System Overview

Figure 1 shows the architecture of the proposed planning system. The system’s brain is a comprehensive knowledge base that includes knowledge about food, nutrition, and clinical guidelines for healthy eating regarding different health concerns. The meal planning system depends on this knowledge to understand food nutrition values and healthy meal requirements. The system also maintains a user profile, including the user’s basic physical and economic information, health concerns, and diet constraints and preferences. The user profile is the foundation for the personalization of the meal planning system. On the basis of the user’s health conditions, corresponding healthy eating guidelines, represented as semantic rules, can be applied to screen food and meals so that they can satisfy healthy eating guidelines. A fuzzy membership scheme was used to model the desirability of nutrition intake, providing more flexibility and tolerance to the vagueness of data. We designed an optimization function to identify meals with optimal nutrition value. To integrate users’ other preferences, we proposed a novel, multicriteria decision analysis mechanism assisted by a heuristic search method that can efficiently locate meals that satisfy multiple, conflicting user preferences. In the following sections, we’ve presented each of the system components.

Figure 1. Proposed planning system architecture.

Knowledge Foundation

The brain of the planner is a comprehensive food and nutrition knowledge graph [21]. It is a visual representation of information and the relationships between various elements of food and nutrition. This includes information on food groups, nutrients, dietary recommendations, and the relationship between food consumption and health outcomes. A knowledge graph can help provide a comprehensive and interconnected view of food and nutrition, making it easier to understand and access the information. The graph data were collated from a variety of reliable sources, such as the US Department of Agriculture’s food and nutrition data set [22] and FoodKG [23]. Some of these sources were structured data sets and some others were unstructured and needed to be transformed into structured graph knowledge. By leveraging these diverse sources, we aimed to cross-validate the information and mitigate the risk of relying solely on a single data repository. Knowledge graphs enable the fast and easy navigation of data and support automatic reasoning and inferring new knowledge. The knowledge graph can be extended to national or international dietary guidelines, such as the US Department of Agriculture’s Dietary Guidelines for Americans or the World Health Organization’s Global Recommendations on Physical Activity for Health. It also includes diet guidelines for different kinds of health concerns; for example, to get food and nutrition guidelines for diabetes, we adopted the guidelines from multiple resources, such as the American Diabetes Association, the British Dietetic Association, the Association of Clinical Endocrinologists, and the American College of Endocrinology.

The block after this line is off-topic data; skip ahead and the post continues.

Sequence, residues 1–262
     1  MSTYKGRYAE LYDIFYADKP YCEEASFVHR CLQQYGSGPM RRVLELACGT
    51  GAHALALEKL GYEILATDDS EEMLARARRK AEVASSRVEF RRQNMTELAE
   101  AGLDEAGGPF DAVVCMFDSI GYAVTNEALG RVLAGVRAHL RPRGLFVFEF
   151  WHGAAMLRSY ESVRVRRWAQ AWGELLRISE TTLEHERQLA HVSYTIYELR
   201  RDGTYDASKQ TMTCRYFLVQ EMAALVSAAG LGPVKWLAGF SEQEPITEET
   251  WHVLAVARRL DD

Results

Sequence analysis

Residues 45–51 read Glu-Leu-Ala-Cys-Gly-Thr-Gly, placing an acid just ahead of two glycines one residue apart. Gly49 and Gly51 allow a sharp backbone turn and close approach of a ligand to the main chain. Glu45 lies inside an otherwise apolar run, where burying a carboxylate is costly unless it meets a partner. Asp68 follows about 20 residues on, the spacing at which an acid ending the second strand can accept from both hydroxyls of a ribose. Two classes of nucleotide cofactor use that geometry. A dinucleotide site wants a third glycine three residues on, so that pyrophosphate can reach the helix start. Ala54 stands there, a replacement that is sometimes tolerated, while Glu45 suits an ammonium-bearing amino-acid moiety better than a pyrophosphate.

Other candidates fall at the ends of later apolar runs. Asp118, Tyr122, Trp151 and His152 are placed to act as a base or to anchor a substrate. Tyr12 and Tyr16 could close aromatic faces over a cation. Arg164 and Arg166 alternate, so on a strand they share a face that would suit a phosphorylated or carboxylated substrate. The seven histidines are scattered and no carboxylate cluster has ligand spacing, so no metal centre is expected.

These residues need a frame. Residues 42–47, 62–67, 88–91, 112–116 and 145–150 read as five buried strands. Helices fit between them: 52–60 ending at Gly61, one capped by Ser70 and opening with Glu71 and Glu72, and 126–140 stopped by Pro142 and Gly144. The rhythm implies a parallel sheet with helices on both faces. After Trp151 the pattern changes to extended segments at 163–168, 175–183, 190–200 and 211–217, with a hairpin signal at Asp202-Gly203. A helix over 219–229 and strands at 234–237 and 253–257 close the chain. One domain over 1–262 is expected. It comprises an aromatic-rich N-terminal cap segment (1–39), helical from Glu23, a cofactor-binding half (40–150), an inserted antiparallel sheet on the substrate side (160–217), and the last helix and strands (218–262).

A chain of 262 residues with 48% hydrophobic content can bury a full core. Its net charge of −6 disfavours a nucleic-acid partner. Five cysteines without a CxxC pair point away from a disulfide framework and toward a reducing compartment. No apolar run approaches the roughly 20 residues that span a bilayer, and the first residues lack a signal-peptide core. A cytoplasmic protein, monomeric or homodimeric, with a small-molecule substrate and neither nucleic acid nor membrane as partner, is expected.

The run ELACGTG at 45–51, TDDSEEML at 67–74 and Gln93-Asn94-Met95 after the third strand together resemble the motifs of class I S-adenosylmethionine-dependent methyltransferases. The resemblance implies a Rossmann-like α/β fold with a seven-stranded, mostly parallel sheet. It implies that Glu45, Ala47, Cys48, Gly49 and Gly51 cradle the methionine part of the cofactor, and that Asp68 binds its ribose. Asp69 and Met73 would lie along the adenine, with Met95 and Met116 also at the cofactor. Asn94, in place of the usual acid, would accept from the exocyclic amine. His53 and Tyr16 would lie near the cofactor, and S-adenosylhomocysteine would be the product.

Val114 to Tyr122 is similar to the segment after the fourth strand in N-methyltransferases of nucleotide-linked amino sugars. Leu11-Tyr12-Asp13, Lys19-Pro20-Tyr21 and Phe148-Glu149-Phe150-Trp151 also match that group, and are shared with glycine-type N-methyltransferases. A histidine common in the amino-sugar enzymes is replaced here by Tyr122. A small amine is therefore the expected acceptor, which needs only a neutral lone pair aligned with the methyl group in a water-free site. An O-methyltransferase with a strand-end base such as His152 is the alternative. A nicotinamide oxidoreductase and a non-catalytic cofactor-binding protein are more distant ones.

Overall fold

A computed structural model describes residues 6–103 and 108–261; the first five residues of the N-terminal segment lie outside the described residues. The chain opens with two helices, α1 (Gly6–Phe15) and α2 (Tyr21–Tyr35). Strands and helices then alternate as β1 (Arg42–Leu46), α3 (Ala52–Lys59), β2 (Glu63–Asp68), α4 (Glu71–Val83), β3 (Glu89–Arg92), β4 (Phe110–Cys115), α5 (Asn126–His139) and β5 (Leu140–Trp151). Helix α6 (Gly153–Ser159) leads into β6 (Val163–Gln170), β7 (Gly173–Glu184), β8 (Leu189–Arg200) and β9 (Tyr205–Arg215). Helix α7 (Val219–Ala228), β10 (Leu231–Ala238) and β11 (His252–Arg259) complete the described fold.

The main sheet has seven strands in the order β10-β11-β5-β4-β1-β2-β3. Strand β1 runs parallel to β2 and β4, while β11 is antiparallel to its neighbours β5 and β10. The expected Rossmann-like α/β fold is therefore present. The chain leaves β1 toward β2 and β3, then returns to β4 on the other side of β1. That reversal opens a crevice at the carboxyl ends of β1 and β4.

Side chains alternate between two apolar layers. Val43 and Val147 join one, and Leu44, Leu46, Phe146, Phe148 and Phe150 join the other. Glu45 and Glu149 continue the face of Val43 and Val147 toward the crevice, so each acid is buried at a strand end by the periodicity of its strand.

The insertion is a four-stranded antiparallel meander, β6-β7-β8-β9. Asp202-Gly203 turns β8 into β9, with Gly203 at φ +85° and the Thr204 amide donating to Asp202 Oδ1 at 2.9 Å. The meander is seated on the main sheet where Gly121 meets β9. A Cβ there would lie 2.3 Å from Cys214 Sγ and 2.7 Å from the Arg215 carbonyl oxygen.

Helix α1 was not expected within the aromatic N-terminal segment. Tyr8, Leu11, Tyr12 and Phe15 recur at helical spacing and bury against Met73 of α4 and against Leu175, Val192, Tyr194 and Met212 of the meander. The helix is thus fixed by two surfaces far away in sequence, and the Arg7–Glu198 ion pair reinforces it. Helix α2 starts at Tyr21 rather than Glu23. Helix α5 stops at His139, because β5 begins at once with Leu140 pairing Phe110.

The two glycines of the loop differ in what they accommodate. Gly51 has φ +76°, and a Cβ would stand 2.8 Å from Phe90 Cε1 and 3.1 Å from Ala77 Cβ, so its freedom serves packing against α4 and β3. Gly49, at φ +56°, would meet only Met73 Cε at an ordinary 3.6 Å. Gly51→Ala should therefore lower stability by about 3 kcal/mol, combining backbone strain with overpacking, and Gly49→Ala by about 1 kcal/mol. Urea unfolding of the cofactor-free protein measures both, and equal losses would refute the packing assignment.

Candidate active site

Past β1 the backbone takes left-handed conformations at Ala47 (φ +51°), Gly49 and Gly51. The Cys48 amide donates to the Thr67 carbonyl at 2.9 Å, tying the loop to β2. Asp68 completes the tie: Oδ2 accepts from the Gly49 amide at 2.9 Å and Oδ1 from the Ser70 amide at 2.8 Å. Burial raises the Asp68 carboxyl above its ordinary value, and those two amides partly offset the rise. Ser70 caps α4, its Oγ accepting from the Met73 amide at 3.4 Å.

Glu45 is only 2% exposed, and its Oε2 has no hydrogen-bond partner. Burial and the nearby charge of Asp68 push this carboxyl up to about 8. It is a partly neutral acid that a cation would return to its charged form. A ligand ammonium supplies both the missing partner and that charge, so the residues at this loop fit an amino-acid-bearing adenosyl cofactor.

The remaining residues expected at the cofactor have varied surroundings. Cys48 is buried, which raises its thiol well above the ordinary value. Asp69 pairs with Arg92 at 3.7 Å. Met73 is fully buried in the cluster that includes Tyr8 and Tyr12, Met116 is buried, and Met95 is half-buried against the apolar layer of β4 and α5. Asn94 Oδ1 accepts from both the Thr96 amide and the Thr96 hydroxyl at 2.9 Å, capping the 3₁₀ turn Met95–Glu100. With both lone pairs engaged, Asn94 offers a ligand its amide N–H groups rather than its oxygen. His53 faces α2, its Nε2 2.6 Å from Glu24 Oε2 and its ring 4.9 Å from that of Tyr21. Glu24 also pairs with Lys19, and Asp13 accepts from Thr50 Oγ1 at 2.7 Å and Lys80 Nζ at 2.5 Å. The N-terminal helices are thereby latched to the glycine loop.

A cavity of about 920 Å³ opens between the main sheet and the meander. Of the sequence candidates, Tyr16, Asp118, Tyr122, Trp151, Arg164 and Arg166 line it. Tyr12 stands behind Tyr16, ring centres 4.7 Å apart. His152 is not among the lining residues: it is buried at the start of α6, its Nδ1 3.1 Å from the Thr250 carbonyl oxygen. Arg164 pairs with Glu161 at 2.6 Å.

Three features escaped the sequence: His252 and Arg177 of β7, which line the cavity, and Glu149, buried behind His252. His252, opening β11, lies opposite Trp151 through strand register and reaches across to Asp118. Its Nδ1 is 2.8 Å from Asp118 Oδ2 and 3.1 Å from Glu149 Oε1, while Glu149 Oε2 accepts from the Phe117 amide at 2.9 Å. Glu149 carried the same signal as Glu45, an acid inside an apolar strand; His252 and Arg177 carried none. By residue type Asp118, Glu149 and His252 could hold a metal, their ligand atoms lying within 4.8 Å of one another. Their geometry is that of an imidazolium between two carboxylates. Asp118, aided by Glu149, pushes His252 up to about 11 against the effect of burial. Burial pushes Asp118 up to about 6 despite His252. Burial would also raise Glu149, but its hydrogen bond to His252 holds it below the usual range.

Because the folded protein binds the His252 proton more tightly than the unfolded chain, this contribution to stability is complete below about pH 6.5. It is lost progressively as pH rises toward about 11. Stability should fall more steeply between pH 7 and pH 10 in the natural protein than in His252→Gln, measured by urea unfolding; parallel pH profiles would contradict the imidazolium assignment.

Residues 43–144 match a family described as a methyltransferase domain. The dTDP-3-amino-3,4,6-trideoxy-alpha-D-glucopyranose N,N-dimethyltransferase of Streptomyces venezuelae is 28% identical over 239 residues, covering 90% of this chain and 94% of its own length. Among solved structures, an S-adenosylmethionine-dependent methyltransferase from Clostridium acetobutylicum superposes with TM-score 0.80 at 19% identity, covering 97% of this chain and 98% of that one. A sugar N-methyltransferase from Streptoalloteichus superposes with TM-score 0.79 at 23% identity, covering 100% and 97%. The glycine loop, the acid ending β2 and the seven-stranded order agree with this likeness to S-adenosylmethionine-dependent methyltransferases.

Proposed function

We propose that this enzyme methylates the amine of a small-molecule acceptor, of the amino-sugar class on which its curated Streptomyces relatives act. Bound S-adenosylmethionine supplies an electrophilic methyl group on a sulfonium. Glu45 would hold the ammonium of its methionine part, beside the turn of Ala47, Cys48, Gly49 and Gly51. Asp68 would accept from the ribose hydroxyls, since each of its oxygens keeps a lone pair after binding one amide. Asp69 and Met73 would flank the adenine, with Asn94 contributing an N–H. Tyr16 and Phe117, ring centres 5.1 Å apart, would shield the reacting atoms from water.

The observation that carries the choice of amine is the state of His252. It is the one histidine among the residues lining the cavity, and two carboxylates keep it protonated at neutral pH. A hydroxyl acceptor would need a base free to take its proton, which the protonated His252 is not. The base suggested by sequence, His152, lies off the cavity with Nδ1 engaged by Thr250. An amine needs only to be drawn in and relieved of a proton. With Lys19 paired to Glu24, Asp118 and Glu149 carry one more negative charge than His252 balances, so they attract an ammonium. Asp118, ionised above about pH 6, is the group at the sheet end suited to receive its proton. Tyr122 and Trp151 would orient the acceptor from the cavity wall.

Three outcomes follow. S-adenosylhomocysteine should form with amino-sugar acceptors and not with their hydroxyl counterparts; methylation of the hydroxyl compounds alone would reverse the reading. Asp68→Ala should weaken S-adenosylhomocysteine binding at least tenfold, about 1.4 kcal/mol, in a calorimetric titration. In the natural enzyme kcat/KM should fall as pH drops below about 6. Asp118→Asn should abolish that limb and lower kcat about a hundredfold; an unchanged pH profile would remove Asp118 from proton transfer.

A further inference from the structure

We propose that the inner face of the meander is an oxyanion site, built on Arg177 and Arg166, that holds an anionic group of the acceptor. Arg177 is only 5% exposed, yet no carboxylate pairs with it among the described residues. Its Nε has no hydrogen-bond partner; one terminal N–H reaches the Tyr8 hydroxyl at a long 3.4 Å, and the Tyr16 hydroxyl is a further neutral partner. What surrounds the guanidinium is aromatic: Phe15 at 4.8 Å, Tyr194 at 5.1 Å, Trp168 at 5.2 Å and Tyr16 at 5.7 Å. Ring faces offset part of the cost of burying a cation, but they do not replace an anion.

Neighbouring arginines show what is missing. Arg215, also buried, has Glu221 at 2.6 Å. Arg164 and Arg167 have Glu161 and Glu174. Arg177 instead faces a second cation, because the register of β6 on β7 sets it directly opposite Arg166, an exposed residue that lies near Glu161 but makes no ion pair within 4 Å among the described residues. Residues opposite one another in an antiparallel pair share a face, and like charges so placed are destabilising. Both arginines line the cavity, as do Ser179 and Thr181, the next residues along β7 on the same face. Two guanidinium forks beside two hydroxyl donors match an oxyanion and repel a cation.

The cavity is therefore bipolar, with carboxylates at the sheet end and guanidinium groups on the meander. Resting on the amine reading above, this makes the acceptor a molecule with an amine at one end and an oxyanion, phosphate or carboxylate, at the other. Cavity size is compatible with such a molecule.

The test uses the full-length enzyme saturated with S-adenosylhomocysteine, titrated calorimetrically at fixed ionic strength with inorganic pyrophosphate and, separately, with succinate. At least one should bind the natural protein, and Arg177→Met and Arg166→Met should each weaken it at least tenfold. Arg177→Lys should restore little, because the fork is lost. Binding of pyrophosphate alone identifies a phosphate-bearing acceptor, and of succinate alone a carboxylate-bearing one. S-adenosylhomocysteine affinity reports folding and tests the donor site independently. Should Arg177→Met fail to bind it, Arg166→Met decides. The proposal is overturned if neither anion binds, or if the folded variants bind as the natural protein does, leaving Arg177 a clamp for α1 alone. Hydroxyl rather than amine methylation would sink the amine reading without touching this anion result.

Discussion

Figure 2 shows part of our food and nutrition knowledge graph. Nodes represent entities, such as foods, nutrients, dietary recommendations, and health outcomes, whereas edges represent the relationships between these entities. Food items may be linked to the nutrients it contains, whereas a nutrient node may be linked to the recommended daily intake and the health outcomes associated with inadequate or excessive intake. For example, from the knowledge graph, we can see that spinach is a leafy green vegetable. It has the nutrient magnesium, which is beneficial for heart health and blood sugar control.

In addition to food and nutrition knowledge, a comprehensive user profile includes users’ biological, socioeconomic, and cultural characteristics and contextual situations that influence peoples’ food choices. We used a biocultural user profile ontology [10] to model the user profile.